I Had a New York Girlfriend
As a result of his huge rep as a songwriter, Elvis Costello's talents as an interpreter of others' work often has been overlooked. -- pity, because in the past he adroitly has embodied songs by everyone from Nick Lowe to Burt Bacharach-Hal David to Sam and Dave. Recorded four years ago with a crack band (guitarists Marc Ribot and James Burton, bassist Jerry Scheff, pianist-organist Larry Knechtel, and drummers Jim Keltner and Pete Thomas), Kojak Variety finds Costello in pop ethnomusicologist mode, pawing through his apparently sizable record collection to cull cherished tunes.
He fares best when singing ballads: a simmering version of Mose Allison's biting "Everybody's Crying Mercy," an airy reading of Randy Newman's lovely "I've Been Wrong Before," and elegant renditions of both Bob Dylan's "I Threw It All Away" (from Nashville Skyline) and Ray Noble's "The Very Thought of You." And he pours bucketfuls of soulfulness into an obscure Supremes song ("Remove This Doubt") and the old Aretha Franklin number "Running Out of Fools," while tearing into Bill Anderson's painful "Must You Throw Dirt in My Face." Of course he stumbles from time to time -- the cover of the Kinks' "Days" completely obliterates the song's innate wistfulness with production overkill -- but mostly Costello does right by the originals, further authenticating his appreciation for the fading craft of songwriting and demonstrating his considerable skills as a singer.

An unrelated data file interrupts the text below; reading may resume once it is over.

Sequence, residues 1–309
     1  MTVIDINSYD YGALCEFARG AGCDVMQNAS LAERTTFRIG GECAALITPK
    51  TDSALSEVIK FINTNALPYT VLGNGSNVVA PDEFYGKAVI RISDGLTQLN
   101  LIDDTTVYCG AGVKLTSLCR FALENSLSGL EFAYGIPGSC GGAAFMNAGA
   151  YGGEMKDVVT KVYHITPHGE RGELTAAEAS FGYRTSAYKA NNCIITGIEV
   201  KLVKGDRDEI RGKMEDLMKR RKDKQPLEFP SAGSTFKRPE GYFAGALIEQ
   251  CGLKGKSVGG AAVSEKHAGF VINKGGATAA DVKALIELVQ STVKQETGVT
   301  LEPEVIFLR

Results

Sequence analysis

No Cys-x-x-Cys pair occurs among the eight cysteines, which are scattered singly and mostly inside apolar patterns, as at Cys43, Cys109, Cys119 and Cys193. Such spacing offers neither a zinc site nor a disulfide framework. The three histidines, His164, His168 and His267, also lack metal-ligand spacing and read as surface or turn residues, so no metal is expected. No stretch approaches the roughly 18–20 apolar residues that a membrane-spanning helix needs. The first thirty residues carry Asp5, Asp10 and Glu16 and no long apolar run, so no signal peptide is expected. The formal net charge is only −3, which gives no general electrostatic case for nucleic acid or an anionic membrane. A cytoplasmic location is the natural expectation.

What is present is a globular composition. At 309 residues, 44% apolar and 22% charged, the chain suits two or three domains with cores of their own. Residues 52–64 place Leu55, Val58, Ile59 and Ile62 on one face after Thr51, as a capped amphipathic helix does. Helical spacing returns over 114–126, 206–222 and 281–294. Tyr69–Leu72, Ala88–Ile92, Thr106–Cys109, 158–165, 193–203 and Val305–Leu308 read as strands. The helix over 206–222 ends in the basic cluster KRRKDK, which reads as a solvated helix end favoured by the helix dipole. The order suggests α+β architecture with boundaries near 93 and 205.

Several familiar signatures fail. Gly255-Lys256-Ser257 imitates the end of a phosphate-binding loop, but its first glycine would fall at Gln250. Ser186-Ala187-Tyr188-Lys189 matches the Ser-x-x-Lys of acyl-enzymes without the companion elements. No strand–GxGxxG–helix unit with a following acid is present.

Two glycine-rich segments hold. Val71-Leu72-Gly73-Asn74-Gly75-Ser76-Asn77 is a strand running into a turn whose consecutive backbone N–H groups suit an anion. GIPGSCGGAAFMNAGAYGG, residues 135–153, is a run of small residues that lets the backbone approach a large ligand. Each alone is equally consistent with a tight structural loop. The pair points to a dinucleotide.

Like Costello, Robert Forster has made his mark as a singer-songwriter. Unlike Costello, Forster's work -- both solo and with the criminally undervalued Go-Betweens, perhaps the finest Australian band of the Eighties -- largely has gone unnoticed in this country. Released last fall to general indifference, I Had a New York Girlfriend runs with the same notion as Kojak Variety: Gather a clutch of musicians-chums to record a peck of fave songs. Forster's arch baritone fits best with country-folk material that distills a certain drama. That makes his takes here on Guy Clark's "Broken-Hearted People," Dylan's "Tell Me That It Isn't True" (also from Nashville Skyline), Mickey Newbury's "Frisco Depot," and Bill Anderson's "3 AM" (him again!) particularly effective. But Forster also reanimates Neil Diamond's pop-strummy "Look Out Here Comes Tomorrow," pitches himself headlong into Nova Mob's driving, affecting "2541" (proving that when Grant Hart is on, he'll always outwrite old Husker Du bandmate Bob Mould), and glides across Michael Hansonis's shimmering "Bird" in a duet with Suzie Ahern. And while Forster's readings of Spirit's "Nature's Way" and Martha and the Muffins' "Echo Beach" won't make anyone forget the originals, merely resuscitting them almost seems sufficient.
By Michael Yockel
Eats Away the Night